Anecdotes, tributes and tears flowed Saturday in Los Angeles, as family and friends gathered for a private funeral service memorializing the iconic–and iconoclastic–funnyman, who died a week earlier of a heart attack at age 65.
Diana Ross, George Lopez, Pauly Shore and Mike Epps were among those lining the pews at the Church of the Hills at Forest Lawn Cemetery.
The service included a video montage of Pryor’s film and stage performances, a rendition of “Amazing Grace” that included vocals by Ross, who starred with Pryor in The Wiz and Lady Sings the Blues, and shared memories among attendees.
“There was a very intimate, very small and we all just got together and kissed him away,” Mo’Nique told reporters afterward. “See you later, Richard, see you when we get there…But don’t call me no time soon, uh-uh.”
Added Epps: “It was sad but joyous. It was the way I think Richard would have loved it to be. He would have loved to have seen the laughter and the pain also.”
Considered one of the greatest, most influential comics of all time, Pryor showcased his skills in a trio of award-winning concert films–Richard Pryor Live in Concert (1979), Richard Pryor Live on the Sunset Strip (1982), and Richard Pryor Here and Now (1983)–and starred in more than 30 films, including Silver Streak, Uptown Saturday Night, Stir Crazy, and the autobiographical comedy-drama Jo Jo Dancer, Your Life Is Calling.
Pryor battled drug addiction throughout his life, and was nearly killed in a freebasing incident. But his biggest health challenge was multiple sclerosis, which essentially sidelined his career in 1991, after tag-teaming with frequent partner Gene Wilder in Another You, and left him confined to a wheelchair.
Although he rarely appeared in public in his later years, Pryor did turn out to receive the inaugural Mark Twain Prize for American Humor in 1998, and was featured in the 2004 Comedy Central special I Ain’t Dead Yet, Motherf*cker, where he was lauded by the likes of Dave Chappelle, Margaret Cho, Jamie Foxx, Whoopi Goldberg, Steve Harvey, Chris Rock, Denis Leary and Robin Williams.
On Saturday, Lopez told reporters that Pyror “meant everything to me.”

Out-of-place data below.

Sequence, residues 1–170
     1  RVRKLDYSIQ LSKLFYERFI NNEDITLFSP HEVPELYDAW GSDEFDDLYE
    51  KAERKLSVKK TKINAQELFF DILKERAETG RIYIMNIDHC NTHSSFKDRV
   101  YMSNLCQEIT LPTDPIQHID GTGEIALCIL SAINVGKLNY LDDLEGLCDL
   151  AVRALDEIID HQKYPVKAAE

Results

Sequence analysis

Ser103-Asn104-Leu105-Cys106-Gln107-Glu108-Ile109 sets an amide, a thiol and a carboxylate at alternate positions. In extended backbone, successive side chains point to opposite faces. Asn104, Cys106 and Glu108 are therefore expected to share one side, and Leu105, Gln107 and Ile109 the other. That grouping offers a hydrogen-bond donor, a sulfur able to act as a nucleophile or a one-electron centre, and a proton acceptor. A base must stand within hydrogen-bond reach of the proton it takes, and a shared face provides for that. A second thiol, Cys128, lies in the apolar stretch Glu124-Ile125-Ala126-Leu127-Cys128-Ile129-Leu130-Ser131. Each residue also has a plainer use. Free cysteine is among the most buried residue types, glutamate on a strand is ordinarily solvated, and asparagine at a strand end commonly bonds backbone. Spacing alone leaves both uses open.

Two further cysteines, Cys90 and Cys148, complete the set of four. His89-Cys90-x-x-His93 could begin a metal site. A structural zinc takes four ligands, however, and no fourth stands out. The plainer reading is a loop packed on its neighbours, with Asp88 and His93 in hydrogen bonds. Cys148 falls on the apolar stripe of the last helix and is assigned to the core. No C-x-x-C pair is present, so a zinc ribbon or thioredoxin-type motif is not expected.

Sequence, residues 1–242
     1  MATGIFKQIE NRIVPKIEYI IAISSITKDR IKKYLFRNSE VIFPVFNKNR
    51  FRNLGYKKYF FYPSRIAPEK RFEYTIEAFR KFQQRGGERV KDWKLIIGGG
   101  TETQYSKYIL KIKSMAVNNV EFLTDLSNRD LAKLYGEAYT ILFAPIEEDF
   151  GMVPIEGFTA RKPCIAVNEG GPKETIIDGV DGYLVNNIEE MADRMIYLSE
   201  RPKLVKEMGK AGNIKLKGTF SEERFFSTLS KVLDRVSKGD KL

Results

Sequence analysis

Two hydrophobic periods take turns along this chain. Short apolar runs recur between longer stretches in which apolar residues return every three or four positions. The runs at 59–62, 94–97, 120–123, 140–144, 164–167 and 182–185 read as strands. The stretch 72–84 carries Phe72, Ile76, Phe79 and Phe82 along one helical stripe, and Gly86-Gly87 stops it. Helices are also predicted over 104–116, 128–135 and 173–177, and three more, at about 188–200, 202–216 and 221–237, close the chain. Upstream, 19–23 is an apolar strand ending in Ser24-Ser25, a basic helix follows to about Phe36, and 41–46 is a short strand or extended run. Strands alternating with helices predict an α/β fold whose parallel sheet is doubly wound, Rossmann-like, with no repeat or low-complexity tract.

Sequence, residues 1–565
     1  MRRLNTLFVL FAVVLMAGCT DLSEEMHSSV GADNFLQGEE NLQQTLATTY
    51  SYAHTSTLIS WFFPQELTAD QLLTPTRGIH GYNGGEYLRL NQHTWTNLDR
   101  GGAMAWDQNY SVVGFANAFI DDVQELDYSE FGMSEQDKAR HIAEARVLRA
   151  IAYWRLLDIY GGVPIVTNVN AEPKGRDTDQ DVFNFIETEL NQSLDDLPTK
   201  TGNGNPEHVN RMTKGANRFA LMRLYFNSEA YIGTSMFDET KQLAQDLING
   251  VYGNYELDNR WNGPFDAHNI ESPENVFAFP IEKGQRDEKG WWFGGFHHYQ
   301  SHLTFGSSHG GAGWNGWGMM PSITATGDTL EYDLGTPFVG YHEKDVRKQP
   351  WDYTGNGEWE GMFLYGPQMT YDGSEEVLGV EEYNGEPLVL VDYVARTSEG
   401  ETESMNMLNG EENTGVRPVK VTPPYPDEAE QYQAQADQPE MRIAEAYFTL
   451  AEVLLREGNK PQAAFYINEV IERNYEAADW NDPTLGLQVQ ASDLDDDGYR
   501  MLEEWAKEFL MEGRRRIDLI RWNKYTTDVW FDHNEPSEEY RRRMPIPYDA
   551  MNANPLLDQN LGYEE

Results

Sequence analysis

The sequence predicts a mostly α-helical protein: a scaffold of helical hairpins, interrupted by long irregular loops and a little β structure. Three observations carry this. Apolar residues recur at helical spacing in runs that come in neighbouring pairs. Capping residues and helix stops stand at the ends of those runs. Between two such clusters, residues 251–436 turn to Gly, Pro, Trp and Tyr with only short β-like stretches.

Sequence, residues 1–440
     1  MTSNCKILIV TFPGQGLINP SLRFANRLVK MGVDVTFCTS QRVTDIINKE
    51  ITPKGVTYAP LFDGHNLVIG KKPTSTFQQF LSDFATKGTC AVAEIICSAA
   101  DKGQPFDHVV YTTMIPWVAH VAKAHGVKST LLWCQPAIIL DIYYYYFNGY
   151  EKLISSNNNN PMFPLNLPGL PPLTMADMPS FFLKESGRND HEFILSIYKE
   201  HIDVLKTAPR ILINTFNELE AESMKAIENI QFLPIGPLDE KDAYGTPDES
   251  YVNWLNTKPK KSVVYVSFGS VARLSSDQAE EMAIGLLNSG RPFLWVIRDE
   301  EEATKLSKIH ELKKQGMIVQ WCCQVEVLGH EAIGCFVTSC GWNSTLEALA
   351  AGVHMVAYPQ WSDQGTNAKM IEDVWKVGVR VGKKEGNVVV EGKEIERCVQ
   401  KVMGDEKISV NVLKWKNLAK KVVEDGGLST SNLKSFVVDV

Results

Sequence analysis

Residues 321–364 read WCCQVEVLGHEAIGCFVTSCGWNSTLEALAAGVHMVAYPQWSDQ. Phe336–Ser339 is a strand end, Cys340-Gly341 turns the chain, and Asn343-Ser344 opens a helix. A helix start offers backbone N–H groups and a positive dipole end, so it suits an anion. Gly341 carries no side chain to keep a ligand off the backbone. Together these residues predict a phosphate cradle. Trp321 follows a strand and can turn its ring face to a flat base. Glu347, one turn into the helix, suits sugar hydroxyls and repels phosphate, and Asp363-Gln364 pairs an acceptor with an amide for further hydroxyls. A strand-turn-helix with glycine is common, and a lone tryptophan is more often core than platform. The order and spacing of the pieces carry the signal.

“He was the one person who filled my house with his voice and made me not feel lonely, and made me feel my life could be worth something and that my pain could be currency for laughs,” Lopez said.
Though no official announcement has been made, sources say a public memorial service for Pryor will be held in January. His widow, Jennifer Pryor, says a major benefit celebrating her husband’s life is also being planned.
Meantime, on Monday, BET will present Richard Pryor: The Funniest Man Dead or Alive, featuring recollections from the Reverend Jesse Jackson, Dave Chappelle, Chris Tucker, Dick Gregory, Wanda Sykes, Paul Mooney, Mike Epps, Tracey Morgan, Mo’Nique, Charlie Murphy, Alex Thomas, Steve Harvey and Saturday Night Live executive producer Lorne Michaels. The special airs at 7:30 p.m. ET.
Richard was cremated, and his ashes were given to his family.
Rest in peace, Richard, and say Hi to Lenny, Rodney, Sam, and everyone else up there.
He was good friends with Redd Foxx, and wrote for Sanford and Son.
He was a good friend of Sammy Davis, Jr.
He was also good friends with John Belushi, and was almost at the Chateau Marmont the night Belushi OD’d.
He smoked pot with Jackie Gleason during filming of The Toy.
He had an affair with Margot Kidder during the filming of Superman III.
He co-wrote Blazing Saddles, and was going to star, but the studios refused to finance the movie unless Pryor was replaced. Thus, Cleavon Little was cast in the role.
He was a big fan of Bob Newhart.
He was married seven times, and had seven children.
Most of the above info was taken from Pryor’s autobiography, Pryor Convictions. Check it out if you don’t believe me.
Check out Richard’s official website, HERE.
Special thanks to Jim J.